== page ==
I am probably an old fogey and given to ranting on occasion, but something has happened to the practice of medicine that makes me reluctant to admit that I am a doctor to those who do not already know. I have been out of clinical practice for a few years and so I have been insulated from the increasing difficulties that colleagues face in trying to practise medicine. It was hard enough a few years ago to cope with ever-increasing overhead and static fees, cutbacks, bed closures, and ever-expanding waiting lists. Nowadays it must be hell out there, but friends’ and acquaintances’ stories of their experiences as patients make me wince.
It used to be that practising medicine was interesting and, in a way, fun. One would get to know patients as individuals, know what had happened to them in the past and what they hoped for in the future. One would know about their families and their work. It seems to have all changed. No longer is a full history taken and physical examination is a rarity—even examination of the offending part. It seems that the style of practice now is “tell-me-your-symptom-and-take-this-pill,” if I am to believe the tales that friends tell me. The rapid, no-touch visit is not a phenomenon confined to family physicians; specialists do it too.
How did this happen? How did the practice of medicine become a dreary and boring, yet harried occupation? I think that somehow the fee-for-service system pays for the wrong thing. We should be asking to be paid for time. I do not know exactly how that could be done, since the physician is paid by an uninvolved third party, but lawyers seem to manage their system very well. If the physician was paid for time spent, he or she would have time to practise clinical skills and make clinical diagnoses, instead of ordering a battery of tests and hoping an answer pops up. I know we have wonderful diagnostic technology now, even if it is not as up-to-date and plentiful as it should be, but a random scatter of tests is no replacement for clinical skill, reasoning, and judgment. We used to be taught that after taking a proper history and performing a comprehensive physical examination that we would have a reasonable diagnosis in mind that would likely be confirmed by testing. If not, then we had either missed a clue or omitted something in our procedure. Medicine practised that way is a very satisfying occupation, and very satisfying for patients who feel listened and attended to and understood.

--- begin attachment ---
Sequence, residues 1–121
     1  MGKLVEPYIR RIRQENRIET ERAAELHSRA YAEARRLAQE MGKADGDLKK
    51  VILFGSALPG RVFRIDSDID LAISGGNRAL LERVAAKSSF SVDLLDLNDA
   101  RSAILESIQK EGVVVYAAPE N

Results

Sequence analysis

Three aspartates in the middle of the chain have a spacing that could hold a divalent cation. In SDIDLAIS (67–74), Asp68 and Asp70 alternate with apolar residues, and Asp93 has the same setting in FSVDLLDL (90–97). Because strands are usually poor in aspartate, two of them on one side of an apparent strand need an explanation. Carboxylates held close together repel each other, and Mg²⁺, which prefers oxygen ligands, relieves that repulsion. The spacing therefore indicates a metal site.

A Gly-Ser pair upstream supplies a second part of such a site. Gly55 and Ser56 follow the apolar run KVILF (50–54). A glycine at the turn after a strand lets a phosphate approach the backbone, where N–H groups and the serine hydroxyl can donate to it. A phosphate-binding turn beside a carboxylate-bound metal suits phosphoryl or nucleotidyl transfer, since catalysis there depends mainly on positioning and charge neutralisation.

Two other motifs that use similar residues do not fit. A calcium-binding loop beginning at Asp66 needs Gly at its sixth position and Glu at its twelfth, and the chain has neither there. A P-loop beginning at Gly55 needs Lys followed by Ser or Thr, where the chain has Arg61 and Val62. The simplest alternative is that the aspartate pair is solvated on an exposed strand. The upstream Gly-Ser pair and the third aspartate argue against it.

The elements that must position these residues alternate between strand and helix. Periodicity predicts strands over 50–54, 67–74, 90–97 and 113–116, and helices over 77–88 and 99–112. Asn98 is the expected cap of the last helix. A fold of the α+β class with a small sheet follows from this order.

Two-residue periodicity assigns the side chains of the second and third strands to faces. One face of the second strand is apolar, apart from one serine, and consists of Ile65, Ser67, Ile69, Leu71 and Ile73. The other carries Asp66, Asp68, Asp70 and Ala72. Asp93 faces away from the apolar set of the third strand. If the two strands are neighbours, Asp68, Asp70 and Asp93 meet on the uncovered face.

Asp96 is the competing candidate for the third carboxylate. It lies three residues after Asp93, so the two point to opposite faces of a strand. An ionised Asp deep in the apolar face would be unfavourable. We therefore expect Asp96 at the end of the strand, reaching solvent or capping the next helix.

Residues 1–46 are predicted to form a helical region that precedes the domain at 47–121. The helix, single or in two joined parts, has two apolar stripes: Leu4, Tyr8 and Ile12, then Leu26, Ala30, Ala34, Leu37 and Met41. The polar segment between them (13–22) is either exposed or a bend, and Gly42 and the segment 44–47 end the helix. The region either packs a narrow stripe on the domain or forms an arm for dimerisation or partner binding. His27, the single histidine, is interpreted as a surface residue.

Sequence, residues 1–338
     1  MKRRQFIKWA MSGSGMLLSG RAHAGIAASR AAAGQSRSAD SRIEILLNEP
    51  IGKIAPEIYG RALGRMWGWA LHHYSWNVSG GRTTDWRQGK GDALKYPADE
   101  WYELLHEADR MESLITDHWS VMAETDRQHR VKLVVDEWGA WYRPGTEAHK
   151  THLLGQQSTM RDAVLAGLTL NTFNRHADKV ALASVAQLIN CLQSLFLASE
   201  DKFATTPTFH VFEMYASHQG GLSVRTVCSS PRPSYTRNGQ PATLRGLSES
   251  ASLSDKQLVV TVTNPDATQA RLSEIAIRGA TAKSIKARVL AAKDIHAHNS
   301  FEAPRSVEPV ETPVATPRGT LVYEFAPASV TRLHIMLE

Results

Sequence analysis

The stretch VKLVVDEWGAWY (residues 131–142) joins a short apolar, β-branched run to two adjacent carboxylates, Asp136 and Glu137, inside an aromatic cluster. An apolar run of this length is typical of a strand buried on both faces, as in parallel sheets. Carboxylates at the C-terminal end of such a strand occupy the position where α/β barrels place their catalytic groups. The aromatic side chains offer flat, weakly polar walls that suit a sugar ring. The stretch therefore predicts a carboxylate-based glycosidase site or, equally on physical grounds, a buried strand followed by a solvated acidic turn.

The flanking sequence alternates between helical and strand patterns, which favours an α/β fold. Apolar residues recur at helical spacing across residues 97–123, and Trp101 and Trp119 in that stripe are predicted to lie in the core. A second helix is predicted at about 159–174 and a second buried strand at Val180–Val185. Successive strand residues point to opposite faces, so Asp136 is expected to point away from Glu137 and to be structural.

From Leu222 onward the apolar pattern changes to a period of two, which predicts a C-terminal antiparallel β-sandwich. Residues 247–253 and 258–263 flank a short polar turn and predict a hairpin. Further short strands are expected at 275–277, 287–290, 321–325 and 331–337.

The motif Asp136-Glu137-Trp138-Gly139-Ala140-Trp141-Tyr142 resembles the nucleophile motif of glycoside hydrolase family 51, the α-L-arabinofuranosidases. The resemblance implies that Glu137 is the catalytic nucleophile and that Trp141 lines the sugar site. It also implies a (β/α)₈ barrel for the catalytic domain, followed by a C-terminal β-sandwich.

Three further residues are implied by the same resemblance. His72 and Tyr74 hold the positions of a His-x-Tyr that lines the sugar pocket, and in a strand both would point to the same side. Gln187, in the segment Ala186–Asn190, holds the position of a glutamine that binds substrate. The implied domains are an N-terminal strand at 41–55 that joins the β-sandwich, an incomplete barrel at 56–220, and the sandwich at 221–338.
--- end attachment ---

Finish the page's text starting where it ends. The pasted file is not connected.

In contrast, the patient whose doctor allows 3 minutes per patient and who always seems to be hurried and impatient leaves the office feeling dissatisfied, disgruntled, and uneasy. These feelings are reinforced if the patient sees a notice in the office saying “only one problem per visit please” or is told “I don’t accept new patients over 60 years old—they take too long.”
Am I alone in thinking that somehow we have to get the message across that we need more time, time to practise properly so that we can be proud of our profession again?
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